Jimmy 'Jimbo' Wales was an early contributor and collaborator, in part because a number of the people involved with UMNEWS's SUPERGUY list were also involved with the same server's POLITICS list. Wales was one of the regulars of that list, and there was considerable cross-pollination between the two.
Randy Milholland of Something Positive wrote for Superguy from 1995 through 1998. He has been known to put references to his Superguy writing into Something Positive, including A cameo by his lead character Betty Yeh.
Eric Burns of Websnark was one of the first and most prolific writers for Superguy, having contributed to the very first digest, and writing from 1989 through 1996 regularly, with sporadic entries following. Burns has more than once drawn comparisons between modern webcomics and Superguy, believing that Superguy and other fiction lists like it filled the same niche as webcomics before the web made sharing graphics simple.
Children's book author Greg R. Fishbone wrote for Superguy from 1994 through 1999 and again starting in 2007. In March/April 1997, one of his Superguy stories was reprinted in the science parody magazine, Annals of Improbable Research. His first novel, The Penguins of Doom, is based on characters created for Superguy.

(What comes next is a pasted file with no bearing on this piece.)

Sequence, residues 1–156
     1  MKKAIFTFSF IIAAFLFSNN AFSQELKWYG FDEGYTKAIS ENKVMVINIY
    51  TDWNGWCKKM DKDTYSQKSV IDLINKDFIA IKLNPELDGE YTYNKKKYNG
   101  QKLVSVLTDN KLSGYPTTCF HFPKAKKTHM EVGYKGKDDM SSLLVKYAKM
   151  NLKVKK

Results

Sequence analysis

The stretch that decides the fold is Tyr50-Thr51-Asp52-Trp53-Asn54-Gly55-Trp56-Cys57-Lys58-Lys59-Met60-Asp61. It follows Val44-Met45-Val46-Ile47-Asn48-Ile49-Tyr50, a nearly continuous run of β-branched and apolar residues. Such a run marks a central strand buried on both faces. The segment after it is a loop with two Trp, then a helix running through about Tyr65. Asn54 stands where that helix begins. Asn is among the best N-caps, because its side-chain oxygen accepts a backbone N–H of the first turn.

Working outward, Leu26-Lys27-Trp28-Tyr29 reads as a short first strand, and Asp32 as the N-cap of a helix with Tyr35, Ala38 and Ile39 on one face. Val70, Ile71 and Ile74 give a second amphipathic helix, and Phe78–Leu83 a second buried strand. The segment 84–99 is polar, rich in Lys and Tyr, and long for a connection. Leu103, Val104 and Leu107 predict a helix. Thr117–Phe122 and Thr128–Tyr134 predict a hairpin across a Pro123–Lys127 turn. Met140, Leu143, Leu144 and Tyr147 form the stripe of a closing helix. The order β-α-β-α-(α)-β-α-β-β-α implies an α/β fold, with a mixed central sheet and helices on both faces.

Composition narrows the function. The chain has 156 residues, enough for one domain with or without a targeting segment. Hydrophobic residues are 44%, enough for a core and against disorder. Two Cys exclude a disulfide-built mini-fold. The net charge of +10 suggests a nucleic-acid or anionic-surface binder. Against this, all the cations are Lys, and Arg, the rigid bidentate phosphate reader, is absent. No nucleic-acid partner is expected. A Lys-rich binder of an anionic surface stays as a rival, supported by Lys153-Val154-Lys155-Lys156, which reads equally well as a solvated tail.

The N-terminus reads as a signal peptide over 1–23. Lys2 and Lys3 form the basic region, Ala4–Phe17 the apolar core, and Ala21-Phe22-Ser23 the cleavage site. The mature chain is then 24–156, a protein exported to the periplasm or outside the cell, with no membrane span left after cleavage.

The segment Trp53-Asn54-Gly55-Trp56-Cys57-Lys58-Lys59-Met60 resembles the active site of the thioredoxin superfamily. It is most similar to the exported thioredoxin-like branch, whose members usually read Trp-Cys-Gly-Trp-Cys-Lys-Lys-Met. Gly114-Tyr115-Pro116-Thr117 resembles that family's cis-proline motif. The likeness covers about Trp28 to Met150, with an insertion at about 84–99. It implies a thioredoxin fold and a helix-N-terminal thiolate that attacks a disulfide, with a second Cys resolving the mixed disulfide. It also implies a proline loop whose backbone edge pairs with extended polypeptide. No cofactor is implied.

Lawrence H. Brown wrote for Superguy from 1993, and continues to contribute stories, under the nickname Amigoid.
Superguy was originally a creative fiction writing group on the now-defunct UMNEWS mailing list service. After UMNEWS collapsed, the mailing list became internet-based.
Originally a spinoff of another writing universe (SFStory), Superguy was a forum for the posting of original, comedic fiction based loosely on superheroes and related concepts, and is one of the first examples of a shared-fiction universe on the Internet. Superguy has the additional distinction of having been active for over two decades, with new stories posted as recently as 2011. Superguy existed during the birth of the modern Internet culture, and along with SFStory helped illustrate the potential of the medium to mainstream users right when the Internet began to actually see mainstream use. It has survived much longer than similar Internet-based shared universe writing groups, diminishing in activity along with SFStory only when the webcomic trend became widespread.